Property taxes keep rising: What retirees should do — and not do — if they can’t afford them

Whether the boiling housing market cools – as some real estate analysts have speculated – or not, millions of homeowners have already been burned by the property tax spikes that have accompanied the skyrocketing value of their homes. . What if you can no longer pay your property taxes?

Nationally, the property tax bill for a single-family home rose 4.4% in 2020, according to Attom Data Solutions. And realAppeal, which helps people appeal their assessed property taxes, predicts that property taxes will increase by approximately 6.5%, on average, in 2021.

According to Michael Billnitzer, executive director of the ESOP affiliate of the Cleveland-based Benjamin Rose Institute on Aging, these tax increases are hitting financially vulnerable homeowners the hardest, including older Americans living on fixed incomes. ESOP, or Empowering and Strengthening Ohio’s People, provides housing and finance counseling for aging adults.

The property tax stranglehold for some seniors

Although monthly Social Security payments are set to rise 5.9% in January — the biggest jump in four decades — that’s not enough to help budget-strapped seniors meet rising tax demands land.

“Here in Cuyahoga County, property taxes have gone up an average of 16 percent,” Billnitzer said. “Older people, many of whom are already struggling to make ends meet, are now facing these kinds of steep tax increases and finding it much harder to afford to age in place.”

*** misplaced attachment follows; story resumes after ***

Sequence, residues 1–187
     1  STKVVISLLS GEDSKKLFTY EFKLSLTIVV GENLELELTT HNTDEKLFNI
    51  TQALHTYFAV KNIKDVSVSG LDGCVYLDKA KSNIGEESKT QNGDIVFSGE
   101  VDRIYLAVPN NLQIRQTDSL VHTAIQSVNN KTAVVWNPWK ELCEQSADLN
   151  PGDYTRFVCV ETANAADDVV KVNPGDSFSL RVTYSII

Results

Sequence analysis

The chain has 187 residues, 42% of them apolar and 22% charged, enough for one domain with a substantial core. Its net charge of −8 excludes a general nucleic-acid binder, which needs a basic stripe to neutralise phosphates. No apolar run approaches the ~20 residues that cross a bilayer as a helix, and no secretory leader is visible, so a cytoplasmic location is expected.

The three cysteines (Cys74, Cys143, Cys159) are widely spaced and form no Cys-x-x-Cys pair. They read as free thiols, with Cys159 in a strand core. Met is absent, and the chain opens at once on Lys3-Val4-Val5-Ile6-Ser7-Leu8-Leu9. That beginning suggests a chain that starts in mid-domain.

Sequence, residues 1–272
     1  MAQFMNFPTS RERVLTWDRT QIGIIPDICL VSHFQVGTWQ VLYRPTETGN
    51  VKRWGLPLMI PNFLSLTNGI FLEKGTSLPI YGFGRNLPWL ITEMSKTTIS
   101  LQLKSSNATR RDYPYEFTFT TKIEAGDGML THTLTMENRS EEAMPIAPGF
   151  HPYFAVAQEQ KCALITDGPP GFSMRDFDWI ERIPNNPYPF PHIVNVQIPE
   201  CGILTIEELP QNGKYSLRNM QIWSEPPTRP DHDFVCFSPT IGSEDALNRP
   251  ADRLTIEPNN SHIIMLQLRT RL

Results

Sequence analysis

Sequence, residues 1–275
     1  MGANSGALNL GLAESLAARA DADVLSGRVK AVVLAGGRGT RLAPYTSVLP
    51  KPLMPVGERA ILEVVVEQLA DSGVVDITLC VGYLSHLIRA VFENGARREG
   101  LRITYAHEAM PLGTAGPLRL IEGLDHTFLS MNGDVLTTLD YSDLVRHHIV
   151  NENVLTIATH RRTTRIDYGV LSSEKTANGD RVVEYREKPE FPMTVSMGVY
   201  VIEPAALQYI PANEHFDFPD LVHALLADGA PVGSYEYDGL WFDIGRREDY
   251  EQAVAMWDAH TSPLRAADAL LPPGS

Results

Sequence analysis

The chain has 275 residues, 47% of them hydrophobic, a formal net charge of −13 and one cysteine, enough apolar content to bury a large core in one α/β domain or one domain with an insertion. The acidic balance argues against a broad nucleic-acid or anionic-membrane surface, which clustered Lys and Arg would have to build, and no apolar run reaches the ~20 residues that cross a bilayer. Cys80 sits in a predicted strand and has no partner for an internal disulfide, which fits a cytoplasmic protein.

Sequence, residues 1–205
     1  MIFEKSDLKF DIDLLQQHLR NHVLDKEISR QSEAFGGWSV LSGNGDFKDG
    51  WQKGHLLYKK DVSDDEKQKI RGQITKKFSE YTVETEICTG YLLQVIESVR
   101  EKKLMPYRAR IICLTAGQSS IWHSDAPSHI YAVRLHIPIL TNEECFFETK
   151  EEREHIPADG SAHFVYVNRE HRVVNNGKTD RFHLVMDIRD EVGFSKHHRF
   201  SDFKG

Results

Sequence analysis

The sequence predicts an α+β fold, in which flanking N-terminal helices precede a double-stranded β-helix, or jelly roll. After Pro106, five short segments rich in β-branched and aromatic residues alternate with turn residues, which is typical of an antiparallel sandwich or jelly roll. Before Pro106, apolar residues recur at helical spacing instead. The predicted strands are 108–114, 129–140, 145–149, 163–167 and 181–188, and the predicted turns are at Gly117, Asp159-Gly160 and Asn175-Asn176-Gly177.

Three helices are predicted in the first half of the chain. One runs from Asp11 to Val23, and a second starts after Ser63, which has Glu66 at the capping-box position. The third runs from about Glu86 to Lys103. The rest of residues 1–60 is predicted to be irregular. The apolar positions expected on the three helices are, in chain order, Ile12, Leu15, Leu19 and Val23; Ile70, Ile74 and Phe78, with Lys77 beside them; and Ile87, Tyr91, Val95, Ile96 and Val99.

Billnitzer fears inflated property tax bills could send millions of elderly homeowners into foreclosure or into the hands of unscrupulous crooks and predatory lenders.

Antoinette Smith, ESOP Consulting Director, offers the following advice on how to avoid unfortunate results.

Do: get help (the right one)

The first step, Smith said, is to contact a US Accredited Housing and Urban Development Consulting Agency where you or your loved one live. HUD provides a map of approved agencies on its housing counseling page, or you can call the agency’s interactive voice system at (800) 569-4287 to locate an office nearby.

“HUD-approved agencies are required to have counselors individually certified by HUD,” Smith said. She advised avoiding mortgage advisers not approved by HUD because they “won’t have the same level of credentials” and “may have questionable motives at best.”

There is often no cost to work with a HUD-approved advisor who will assess the situation and determine if the homeowner qualifies for property tax relief. Such farm exemptions are available in many states but vary widely. Smith said various relief proposals are being considered at local and state levels across the country.

Currently, in Ohio, low-income senior residents with disabilities are eligible for a $25,000 homestead exemption. This means that if the house is worth $100,000, the owner would be taxed as if it were worth $75,000.

All Florida homeowners, on the other hand, are eligible for a property exemption of up to $50,000, but people 65 and older who meet certain income limits can claim an additional $50,000.

A HUD-certified counselor will also be aware of any new or emerging programs aimed at providing property tax relief. And the advisor can help customers see if they are eligible to apply for other home-related savings, such as financial assistance on energy bills.

Don’t: Ignore the bill

According to Smith, opening an envelope containing a large property tax bill tends to elicit a “flight” response from low- and middle-income seniors who lack the resources to pay. Ignoring the problem, however, will make it worse.

Related: Social Security recipients get big raise — but also fall further behind